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Scythia, Bucranium, Cast Lead, c. 7th- 4th Cent BC, Rare!

Cast Lead; 42mm/9.7gm (all mm = top of skull to muzzle only)

Con/ Missing one garland, otherwise, about As Cast; beautiful and eye-pleasing oxidized lead patina. Grape vine motif at the top of the skull, grape garlands hanging from horns.

Seller's Note/ Such votive pieces were mass produced in long molds. Molten lead was poured into channeled molds, allowed to dry and then removed, with very little care as to the final condition. Note the long channel sprue at the top of this skull have been clipped. But why such carelessness? They were not created to be kept and the condition was not important.

According to A. Minchev, these objects may have been offered to Dionysos by local citizens as votive offerings at different cult places, ritual pits, domestic and maybe public sanctuaries. Some of the bucrania have been discovered along with miniature double axes like in Olbia. In that context Russian scholars relate these artifacts with the cult of Zeus-Zagreus or with the syncretic chthonic cult of Dionysos-Zagreus, especially concerning the interpretation of the bucrania and axes, recorded in a funeral context as offerings to the god of the dying and resurrecting nature and the patron of the deceased.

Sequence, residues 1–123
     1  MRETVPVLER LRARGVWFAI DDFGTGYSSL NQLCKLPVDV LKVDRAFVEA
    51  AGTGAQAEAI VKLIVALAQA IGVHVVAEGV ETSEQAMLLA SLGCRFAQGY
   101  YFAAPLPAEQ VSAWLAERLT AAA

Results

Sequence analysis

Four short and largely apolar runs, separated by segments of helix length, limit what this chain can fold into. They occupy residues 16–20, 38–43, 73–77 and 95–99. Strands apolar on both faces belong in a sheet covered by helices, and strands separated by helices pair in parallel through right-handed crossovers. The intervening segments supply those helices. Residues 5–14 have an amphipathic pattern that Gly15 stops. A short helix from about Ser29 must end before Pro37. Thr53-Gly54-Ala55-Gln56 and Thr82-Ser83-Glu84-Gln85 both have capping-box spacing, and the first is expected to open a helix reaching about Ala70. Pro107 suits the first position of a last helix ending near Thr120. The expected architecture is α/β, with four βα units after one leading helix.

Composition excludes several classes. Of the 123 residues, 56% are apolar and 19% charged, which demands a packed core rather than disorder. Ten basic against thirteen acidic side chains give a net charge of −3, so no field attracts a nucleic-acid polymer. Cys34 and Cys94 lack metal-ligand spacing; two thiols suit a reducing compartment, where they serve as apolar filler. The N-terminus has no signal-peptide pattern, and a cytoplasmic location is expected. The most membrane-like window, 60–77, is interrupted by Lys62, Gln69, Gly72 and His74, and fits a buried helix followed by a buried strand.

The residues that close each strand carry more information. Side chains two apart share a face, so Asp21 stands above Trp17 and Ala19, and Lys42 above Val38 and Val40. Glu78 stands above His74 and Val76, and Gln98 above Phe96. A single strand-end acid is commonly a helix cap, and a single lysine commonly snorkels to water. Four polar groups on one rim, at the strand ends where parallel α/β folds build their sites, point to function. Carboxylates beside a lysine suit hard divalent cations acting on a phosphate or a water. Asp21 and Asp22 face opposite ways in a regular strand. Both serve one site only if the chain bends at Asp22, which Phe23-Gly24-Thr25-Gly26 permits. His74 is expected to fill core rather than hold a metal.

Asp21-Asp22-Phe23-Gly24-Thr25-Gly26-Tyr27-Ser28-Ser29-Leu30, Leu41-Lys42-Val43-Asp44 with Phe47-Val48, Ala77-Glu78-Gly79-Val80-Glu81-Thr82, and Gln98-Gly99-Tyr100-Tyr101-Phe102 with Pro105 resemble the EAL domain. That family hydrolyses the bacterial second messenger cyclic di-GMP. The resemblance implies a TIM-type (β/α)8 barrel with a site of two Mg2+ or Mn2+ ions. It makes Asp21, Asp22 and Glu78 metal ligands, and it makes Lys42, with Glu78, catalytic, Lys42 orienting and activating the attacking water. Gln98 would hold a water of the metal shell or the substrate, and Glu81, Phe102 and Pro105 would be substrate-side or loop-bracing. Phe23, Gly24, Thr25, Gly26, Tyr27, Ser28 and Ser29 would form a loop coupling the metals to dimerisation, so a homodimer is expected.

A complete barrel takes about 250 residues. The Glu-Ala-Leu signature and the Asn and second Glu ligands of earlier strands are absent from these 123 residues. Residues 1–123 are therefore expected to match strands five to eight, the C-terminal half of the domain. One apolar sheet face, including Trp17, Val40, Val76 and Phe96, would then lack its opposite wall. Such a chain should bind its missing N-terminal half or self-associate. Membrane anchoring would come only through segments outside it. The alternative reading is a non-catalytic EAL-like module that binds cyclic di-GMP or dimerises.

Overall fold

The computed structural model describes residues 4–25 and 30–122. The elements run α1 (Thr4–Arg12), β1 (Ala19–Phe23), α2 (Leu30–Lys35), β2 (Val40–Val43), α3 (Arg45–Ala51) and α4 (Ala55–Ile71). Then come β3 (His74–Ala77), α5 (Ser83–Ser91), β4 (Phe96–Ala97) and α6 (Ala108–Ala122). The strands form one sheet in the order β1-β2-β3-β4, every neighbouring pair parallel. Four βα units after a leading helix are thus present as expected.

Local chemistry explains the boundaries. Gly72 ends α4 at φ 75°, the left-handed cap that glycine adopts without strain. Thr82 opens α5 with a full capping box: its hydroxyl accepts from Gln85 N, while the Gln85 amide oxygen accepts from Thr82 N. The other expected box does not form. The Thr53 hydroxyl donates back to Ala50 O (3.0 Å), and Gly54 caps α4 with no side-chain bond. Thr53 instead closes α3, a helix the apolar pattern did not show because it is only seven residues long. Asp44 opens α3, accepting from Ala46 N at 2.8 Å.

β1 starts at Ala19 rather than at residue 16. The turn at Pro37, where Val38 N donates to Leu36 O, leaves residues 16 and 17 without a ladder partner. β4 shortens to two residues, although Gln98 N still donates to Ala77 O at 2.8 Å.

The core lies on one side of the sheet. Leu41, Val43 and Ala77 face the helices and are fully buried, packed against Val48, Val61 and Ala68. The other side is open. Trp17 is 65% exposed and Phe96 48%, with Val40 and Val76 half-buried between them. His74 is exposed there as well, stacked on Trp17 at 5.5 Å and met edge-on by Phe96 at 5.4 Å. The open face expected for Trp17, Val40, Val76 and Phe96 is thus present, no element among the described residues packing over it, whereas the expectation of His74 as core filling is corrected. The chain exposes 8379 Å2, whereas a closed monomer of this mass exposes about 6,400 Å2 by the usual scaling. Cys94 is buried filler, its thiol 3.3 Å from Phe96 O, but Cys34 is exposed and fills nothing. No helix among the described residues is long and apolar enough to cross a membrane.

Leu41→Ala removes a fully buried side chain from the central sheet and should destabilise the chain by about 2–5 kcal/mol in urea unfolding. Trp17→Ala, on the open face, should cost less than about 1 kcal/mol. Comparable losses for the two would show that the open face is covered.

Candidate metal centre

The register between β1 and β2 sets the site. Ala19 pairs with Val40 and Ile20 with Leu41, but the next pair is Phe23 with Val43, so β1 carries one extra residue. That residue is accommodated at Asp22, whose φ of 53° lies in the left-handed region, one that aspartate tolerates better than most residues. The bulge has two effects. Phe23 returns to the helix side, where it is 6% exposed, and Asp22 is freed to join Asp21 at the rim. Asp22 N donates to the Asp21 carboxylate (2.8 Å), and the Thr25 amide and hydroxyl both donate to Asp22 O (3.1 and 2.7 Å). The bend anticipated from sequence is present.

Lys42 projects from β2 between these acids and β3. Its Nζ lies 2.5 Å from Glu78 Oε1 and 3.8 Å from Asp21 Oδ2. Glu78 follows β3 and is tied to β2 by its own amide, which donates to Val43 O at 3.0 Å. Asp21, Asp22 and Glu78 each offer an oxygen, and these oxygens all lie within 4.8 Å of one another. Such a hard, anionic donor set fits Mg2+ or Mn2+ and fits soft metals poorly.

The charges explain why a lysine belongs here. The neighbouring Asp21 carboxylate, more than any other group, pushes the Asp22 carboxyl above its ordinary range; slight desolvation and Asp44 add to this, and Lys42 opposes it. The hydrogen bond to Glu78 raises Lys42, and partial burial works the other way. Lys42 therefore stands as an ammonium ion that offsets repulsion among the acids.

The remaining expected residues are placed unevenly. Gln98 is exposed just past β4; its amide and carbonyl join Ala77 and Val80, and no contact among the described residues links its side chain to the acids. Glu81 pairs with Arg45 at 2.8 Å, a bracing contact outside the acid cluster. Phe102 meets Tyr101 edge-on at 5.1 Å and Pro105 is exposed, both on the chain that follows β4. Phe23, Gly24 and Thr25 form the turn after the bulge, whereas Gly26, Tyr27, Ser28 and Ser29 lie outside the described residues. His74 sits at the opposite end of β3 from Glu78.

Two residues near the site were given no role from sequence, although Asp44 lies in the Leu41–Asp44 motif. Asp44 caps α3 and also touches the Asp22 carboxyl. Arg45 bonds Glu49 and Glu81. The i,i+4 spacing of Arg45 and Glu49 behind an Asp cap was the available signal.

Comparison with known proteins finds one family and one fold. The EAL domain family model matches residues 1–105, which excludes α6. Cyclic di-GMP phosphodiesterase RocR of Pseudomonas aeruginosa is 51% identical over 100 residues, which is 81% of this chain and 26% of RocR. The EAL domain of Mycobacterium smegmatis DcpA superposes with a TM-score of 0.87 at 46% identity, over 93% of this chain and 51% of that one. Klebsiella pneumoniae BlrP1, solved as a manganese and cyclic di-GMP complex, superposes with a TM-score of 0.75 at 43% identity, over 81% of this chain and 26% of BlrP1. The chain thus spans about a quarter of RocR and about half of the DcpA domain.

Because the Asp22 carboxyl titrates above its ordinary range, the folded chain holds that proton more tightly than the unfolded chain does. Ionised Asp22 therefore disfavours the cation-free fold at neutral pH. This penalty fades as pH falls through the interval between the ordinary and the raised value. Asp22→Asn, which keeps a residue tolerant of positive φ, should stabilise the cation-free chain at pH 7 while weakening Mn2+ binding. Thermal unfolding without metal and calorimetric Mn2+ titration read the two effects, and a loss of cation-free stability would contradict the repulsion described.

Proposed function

Ground-found in Ukraine, near the ancient Scythian city of Gota (Olbia) on the fringes of ancient Greece.

A Bucranium was a decorative motif representing an ox killed in religious sacrifice. The motif originated in a ceremony wherein an ox’s head was hung from the wooden beams supporting the temple roof; this scene was later represented, in stone, on the frieze, or stone lintels, above the columns in Doric temples. This motif has been found on painted pottery in Iraq dating from 5000 bc. It was later imported into Bronze Age Crete as part of the bull and double-ax cult, where the bull’s head was decorated with a garland of grapes.

To the Scythians, 'Gota' or 'place of the cows' was so called because of the ox-worshipping cult particular of the area. According to the Greek historian Herodotus, the powerful Scythian king named Skil (Skyul or Skul) reigned from a large palace here (Herodotus IV: 79).

Oxen and other animals were a favorite motif in the local histories and a number of lead votive artifacts have been found in the area. The skulls of seven bucrania (bulls) were discovered in the cistern of the town, and lead offerings depicting the bull skull adorned with wreaths and other decorations, such as ours, and lead double-axes as well, have been found in the region.

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